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Sharon Van Etten: We’ve Been Going About This All Wrong

By Melanie Broussalian

Indie-rock darling Sharon Van Etten breaks new ground and gets deep in her latest full-length release, We’ve Been Going About This All Wrong. She’s made a fruitful career out of turning heartache and nostalgia into grand, cathartic, roll-the-windows-down anthems. This time, though, she’s turning even further inward, and the music matches this intense reflection on motherhood and relationships. Van Etten trades distorted synths that were featured predominantly on her last record, Remind Me Tomorrow, for acoustic guitars and dampened drum beats on the emotional album opener, “Darkness Fades.” Even so, Van Etten’s signature sound carries through in tracks like, “I’ll Try:” a sonic cousin to her hit “Seventeen” in which she dissolves into a sense of helplessness, but not without flashing the bird on the way down.

Some of the songs across the album blend together, but in a way that’s palindromic, not repetitive. The effect is almost hypnotic, creating a sonic vortex that mirrors the Groundhog Day-esque state of mind we’ve collectively experienced over the past few years. “Born,” a sweeping and tragic reflection on an abusive relationship, bleeds into the following track “Headspace,” a heavily distorted, intimate track that follows the narrative through line, pleading with a lover not to turn their back to Van Etten. On the flip, the haunting “Darkish” offers the quietest moment on the album, and the tone immediately switches in the following track, “Mistakes,” which is the most upbeat on the record. While the appeal of navel-gazing quarantine albums continues to lose its shine, Van Etten taps into something sincere and relatable by making her lyrics and reflections somehow deeply personal and esoteric at the same time.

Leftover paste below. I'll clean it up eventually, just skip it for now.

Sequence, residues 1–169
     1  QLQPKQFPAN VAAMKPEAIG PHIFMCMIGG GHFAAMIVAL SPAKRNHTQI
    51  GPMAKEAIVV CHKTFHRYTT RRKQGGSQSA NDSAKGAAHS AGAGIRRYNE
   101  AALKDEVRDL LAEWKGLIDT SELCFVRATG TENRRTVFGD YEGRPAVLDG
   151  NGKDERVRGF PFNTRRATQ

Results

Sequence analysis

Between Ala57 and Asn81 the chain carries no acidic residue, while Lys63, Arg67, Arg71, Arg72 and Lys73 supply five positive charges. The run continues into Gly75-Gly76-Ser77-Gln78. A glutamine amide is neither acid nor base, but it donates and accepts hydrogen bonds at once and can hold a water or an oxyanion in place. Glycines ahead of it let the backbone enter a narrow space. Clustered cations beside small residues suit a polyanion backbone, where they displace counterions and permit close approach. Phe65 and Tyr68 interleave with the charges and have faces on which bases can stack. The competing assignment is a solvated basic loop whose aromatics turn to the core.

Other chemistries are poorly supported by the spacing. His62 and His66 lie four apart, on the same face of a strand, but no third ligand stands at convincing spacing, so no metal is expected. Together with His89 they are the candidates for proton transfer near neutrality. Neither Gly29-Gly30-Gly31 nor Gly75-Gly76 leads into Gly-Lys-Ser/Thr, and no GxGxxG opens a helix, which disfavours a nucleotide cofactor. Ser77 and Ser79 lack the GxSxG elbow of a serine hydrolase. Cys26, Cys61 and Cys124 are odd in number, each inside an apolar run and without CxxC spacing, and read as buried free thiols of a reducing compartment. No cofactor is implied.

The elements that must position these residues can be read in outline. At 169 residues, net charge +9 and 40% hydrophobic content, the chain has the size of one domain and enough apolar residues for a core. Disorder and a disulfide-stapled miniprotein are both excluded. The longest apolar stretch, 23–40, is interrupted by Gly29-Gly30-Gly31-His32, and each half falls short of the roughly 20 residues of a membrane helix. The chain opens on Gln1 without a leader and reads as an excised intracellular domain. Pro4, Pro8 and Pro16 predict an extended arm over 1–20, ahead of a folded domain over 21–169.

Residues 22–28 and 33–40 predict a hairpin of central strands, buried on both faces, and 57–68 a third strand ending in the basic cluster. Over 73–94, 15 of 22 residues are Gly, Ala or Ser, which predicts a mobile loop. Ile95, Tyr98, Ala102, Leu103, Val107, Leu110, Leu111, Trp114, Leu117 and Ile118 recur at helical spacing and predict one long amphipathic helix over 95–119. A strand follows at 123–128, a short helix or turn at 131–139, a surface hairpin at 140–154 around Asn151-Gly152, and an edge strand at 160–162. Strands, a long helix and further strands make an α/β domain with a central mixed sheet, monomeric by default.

In a frankly post-apocalyptic world where record labels are actively bullying artists to promote their music on TikTok in exchange for release budget (check out the drama between Halsey and Capitol Records), Van Etten made a gutsy move not to release any music from the album prior to the full release, saying she wanted to preserve the magic of listening to a full body of work in its entirety. To me, the gamble pays off, as it’s hard to imagine listening to any of these songs without the narrative and sonic context of the rest of the record. Sharon Van Etten has the rare ability to continually broaden her sound without reinventing the wheel. She grows and shifts but always stays true to the core of her music and songwriting, creating a safe, comforting space for listeners to let go.

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